Hot Rod Fever
The preliminaries, called "qualifying," of the NHRA Finals at Pomona, are going on as I write this. I'd rather be there than here, but where's the time, where's the money? Qualifying goes on for three days, and is both exciting and fun. The fourth day, Sunday, is Final Eliminations, in which the race winners in each of four classes are determined. It's all very noisy and very exciting. If you've never heard (and felt) the roar of a 8000+ horsepower engine covering a quarter-mile from a standing start in four-and-one-half seconds, you've missed an extreme assault 'pon your senses.
A story in the LA Times Sports section the other day reminded me of the long history drag racing has in Southern California. It started here, as did many things, in the wake of World War II, with surviving veterans looking for outlets for the excitement to which they'd become accustomed while slogging through the mud and sands of faraway places.
There were the bikers, and there were the hot rodders.
Hot rodders would work on their cars, making them lighter by taking off superfluous parts and faster by installing bigger engines, modifying them and by using different tire/wheel/brake/suspension combinations. Naturally, they'd race against each other to measure the success of their efforts.
At first, the races were on rarely used roads ans streets. After a number of collisions and pileups, when the local police started cracking down, enterprising individuals started setting up dedicated race tracks around the Los Angeles area, for use by area hot rodders for a reasonable fee. For years, these tracks thrived. Between 1950 and the early 1980's, there were as many as eleven drag strips in Southern California.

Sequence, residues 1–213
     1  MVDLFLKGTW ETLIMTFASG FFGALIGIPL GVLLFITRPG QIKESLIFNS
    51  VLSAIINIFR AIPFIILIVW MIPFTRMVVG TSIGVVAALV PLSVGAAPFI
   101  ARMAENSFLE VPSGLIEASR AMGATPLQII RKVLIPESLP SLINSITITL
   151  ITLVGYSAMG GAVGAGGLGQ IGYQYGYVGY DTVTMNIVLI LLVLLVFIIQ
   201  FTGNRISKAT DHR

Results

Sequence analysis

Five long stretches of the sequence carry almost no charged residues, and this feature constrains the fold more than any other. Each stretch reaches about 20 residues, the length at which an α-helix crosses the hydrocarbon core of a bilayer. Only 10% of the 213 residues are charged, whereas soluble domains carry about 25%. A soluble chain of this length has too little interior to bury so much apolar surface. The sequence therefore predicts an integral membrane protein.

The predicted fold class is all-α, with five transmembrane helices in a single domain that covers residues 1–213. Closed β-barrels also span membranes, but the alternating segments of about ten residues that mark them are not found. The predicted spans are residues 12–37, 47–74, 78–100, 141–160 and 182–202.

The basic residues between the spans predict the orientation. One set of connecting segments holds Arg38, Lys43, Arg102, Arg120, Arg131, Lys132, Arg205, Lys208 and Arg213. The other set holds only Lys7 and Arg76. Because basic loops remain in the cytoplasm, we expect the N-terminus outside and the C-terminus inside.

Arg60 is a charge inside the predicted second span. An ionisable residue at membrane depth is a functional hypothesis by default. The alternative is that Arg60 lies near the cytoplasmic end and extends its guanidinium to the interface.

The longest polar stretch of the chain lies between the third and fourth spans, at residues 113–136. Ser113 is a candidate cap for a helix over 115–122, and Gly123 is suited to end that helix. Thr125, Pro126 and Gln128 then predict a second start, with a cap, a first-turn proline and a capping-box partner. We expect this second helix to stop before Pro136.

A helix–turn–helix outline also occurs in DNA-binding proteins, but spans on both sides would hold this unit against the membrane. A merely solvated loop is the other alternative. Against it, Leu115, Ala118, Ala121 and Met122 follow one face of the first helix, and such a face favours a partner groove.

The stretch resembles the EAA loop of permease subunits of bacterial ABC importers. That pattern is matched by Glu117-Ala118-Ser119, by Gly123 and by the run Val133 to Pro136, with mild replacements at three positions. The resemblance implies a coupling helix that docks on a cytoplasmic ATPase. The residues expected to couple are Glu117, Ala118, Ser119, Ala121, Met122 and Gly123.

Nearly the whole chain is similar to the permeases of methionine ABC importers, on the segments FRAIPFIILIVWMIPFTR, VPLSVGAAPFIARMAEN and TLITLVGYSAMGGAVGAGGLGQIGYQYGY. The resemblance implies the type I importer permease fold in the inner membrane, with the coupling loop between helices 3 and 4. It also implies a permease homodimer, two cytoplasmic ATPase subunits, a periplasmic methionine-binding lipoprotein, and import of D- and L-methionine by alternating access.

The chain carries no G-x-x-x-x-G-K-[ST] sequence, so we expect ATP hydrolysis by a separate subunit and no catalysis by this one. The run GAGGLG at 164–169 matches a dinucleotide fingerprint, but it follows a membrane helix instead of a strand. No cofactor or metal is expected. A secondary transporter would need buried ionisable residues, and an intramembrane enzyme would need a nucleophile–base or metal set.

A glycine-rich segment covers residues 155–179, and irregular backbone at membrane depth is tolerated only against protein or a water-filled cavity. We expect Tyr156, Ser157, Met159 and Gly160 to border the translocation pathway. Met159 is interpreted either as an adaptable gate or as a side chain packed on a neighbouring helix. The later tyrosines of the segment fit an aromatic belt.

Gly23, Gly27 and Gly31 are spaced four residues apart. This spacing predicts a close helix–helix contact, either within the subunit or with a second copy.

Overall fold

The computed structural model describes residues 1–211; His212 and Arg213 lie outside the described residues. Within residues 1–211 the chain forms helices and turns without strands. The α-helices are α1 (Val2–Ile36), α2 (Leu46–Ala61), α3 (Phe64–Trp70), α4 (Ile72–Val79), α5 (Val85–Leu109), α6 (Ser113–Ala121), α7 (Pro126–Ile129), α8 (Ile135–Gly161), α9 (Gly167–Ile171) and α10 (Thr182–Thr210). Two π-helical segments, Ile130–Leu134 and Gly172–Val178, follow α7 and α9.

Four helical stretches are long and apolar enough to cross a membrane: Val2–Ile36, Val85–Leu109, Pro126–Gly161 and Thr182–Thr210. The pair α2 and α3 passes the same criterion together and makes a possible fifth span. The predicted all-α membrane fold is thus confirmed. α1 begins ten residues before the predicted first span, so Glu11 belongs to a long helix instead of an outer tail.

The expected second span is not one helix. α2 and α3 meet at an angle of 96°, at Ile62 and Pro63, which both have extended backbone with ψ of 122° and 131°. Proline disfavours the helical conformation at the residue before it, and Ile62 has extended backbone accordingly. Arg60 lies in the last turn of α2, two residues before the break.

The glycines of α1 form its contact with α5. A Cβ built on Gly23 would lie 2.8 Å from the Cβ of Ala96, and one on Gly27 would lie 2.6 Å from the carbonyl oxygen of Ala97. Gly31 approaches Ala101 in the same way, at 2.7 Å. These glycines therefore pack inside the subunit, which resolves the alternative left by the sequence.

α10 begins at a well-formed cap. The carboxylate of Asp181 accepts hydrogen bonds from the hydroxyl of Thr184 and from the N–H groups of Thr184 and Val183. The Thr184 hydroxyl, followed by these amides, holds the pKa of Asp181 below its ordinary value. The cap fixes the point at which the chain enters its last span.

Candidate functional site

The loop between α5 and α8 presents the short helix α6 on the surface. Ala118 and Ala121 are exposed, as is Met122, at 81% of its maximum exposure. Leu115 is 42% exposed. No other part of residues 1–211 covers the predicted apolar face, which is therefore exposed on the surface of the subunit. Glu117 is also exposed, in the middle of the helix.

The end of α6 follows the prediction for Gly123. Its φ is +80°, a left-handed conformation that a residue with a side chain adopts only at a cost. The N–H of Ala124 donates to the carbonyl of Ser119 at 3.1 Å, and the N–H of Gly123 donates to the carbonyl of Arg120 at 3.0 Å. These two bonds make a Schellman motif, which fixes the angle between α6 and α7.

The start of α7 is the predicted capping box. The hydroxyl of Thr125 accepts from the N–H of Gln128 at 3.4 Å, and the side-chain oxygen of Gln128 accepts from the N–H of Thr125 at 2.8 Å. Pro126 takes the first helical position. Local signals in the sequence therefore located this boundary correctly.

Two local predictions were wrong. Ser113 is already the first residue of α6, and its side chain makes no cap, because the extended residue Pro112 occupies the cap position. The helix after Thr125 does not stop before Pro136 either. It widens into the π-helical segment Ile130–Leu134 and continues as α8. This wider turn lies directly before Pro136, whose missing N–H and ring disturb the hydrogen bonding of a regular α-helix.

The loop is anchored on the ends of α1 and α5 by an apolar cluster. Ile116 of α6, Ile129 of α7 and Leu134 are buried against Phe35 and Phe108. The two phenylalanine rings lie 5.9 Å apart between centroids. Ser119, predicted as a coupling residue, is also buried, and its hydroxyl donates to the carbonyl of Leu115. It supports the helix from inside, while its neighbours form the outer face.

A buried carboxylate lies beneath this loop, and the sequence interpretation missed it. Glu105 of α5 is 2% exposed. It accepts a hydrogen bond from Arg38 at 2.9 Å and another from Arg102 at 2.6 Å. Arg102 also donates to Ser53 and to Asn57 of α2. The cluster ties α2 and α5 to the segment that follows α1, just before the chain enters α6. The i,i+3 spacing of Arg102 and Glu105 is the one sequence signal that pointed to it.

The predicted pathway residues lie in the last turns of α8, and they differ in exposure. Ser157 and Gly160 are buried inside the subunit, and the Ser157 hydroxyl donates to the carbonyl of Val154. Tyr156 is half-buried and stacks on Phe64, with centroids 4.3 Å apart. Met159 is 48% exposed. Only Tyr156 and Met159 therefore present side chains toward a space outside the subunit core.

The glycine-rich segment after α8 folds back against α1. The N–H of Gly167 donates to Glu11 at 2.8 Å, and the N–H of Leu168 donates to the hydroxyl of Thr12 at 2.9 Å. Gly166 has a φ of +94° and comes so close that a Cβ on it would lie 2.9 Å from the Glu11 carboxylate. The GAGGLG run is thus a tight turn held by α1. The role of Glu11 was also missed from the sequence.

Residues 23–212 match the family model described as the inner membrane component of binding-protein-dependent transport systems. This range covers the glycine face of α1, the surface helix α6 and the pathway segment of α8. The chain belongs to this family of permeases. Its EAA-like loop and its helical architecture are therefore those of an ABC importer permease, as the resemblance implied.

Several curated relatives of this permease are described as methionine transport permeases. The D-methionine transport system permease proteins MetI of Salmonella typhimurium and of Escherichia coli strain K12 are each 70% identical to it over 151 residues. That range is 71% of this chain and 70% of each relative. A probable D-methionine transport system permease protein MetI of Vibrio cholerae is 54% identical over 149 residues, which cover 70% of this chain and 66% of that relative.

Now, they're all gone but one, and that's at Pomona. It's not available for today's young hot rodders to use on any weekend.
Some say they all closed because of the rise in land values in Southern California. Others cite high insurance costs, in an era when a signed release of liability by an adult means nothing in a court of law.
Meanwhile, thrill seeking young men (and now, young women) still want to race. With no drag strips available this side of Bakersfield, where do they race? The streets. At night. In the normally quiet suburbs.
Since Southern California has a far denser population than in the late 1940's, quiet roads and streets are increasingly harder to find. There are more racing collisions, some involving the public, and some involving death.
But for an unknown and unknowable government regulations, edicts and unneeded laws, insurance organizations would be willing to write policies for reasonable prices, and in the absence of draconian taxes, land would be more available at lower prices.
I don't know if an absence of government intervention would mean more drag strips or not. A favorite theory of mine is that cars would soon become obsolete in favor of personal aircraft. That process was begun (by some of those same post WWII thrill seekers) and quickly squelched by the evil Civil Aeronautics Board in the 1950's. It will still happen, once government is gotten out of the way. And then, it won't be any time at all before aero hot rodders will be racing 'em.
Feeling the need for speed.